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Visions of Sugarplums : Toys, Miniatures and Even Edible Creations Come to the Craft and Folk Art Museum

November 17, 1985|SUZANNE MUCHNIC | Suzanne Muchnic is a Times staff writer.

No curmudgeons need darken the door of the Craft and Folk Art Museum in Los Angeles on Wednesday, when "The Joyful Vision" opens--unless they're prepared to be charmed. This holiday exhibition promises to serve up a bounty of good cheer in its display of works by idiosyncratic and unsophisticated artists.

Florence N. Franklin, a show sponsor, puts it this way: "If you can picture a grandparent holding the hand of a well-scrubbed, overdressed child, the two of them equally round-eyed and happy, you understand my philosophical approach to this exhibition. It's very simple. We wanted to do a bang-up job for Christmas."

To that end, the museum enlisted the services of guest curator John Fowler and a full-time volunteer assistant, Edwin G. Broffman. Scouring Los Angeles for artworks infused with "joyful vision," they rounded up folk artist Joseph Cholagian's towering assemblages in addition to immaculate miniature rooms by interior designer Jane Newmark. Ludy Strauss loaned her cache of American and Canadian hooked rugs that sport fanciful depictions of animals. Bettyrae and Samuel Eisenstein agreed to share their marvelous toy collection.

When Fowler visited Marlene Zimmerman's houseful of naive paintings, he found a self-taught artist who says, "I try to filter out the troubles of the world and show all the positive things." Patchwork country scenes, family portraits, a view of her son's classroom and an interpretation of an old-fashioned quilting bee are among Zimmerman's paintings in the show.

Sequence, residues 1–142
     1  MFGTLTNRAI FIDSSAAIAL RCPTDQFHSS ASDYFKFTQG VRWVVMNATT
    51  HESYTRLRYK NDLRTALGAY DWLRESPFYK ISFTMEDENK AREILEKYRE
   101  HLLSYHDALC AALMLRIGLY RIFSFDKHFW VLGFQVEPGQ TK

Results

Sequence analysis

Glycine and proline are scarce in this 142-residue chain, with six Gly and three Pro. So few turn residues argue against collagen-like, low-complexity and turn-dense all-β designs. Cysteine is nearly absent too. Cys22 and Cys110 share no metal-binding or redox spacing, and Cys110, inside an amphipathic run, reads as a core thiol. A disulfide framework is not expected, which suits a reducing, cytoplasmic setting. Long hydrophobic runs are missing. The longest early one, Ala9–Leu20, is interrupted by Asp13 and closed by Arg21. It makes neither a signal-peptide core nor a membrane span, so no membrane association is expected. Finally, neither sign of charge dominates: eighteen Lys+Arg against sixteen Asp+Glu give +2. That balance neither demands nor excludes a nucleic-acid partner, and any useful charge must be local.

So far, so joyful, but that only accounts for the core of the exhibition. A search for edible art yielded examples of exotic, sculptural Mexican breads and also of the fancy Scandinavian and German baking practiced in Southern California. Joseph Gatto's students from Los Angeles High School of Fine and Performing Arts have promised to produce an imaginative diorama of a California-style Christmas for the museum windows. UCLA's Museum of Cultural History and the Colors of the Wind kite shop lent kites to fill the museum's upper spaces. (The museum also lent the Mexican breads.)

Meanwhile, Janet Marcus, the museum's education curator, has applied her talents to a program of lectures, films, workshops and gallery productions, including a "Hands-on Wall" that is full of opportunities to pull strings, push buttons, move shapes and otherwise be creative without getting one's hands dirty.

In Fowler's mind, a display of Seymour Rosen's photographs of villages and other environments built by folk artists "ties the whole thing together" by proving that "art and good feelings are where you find them." Rosen began taking pictures of unrecognized art forms 30 years ago because he found them astonishing. Now, he spends most of his time working to preserve folk artists' unorthodox creations and to promote public interest in them.

As the exhibition approached its unveiling, Franklin recalled that "The Joyful Vision" was inspired by another exhilarating event--the 1984 Summer Olympics. Finding summer 1985 comparatively dreary, she thought that it was time for a spirited holiday season: "This is our version of handing out sugarplums to Los Angeles."

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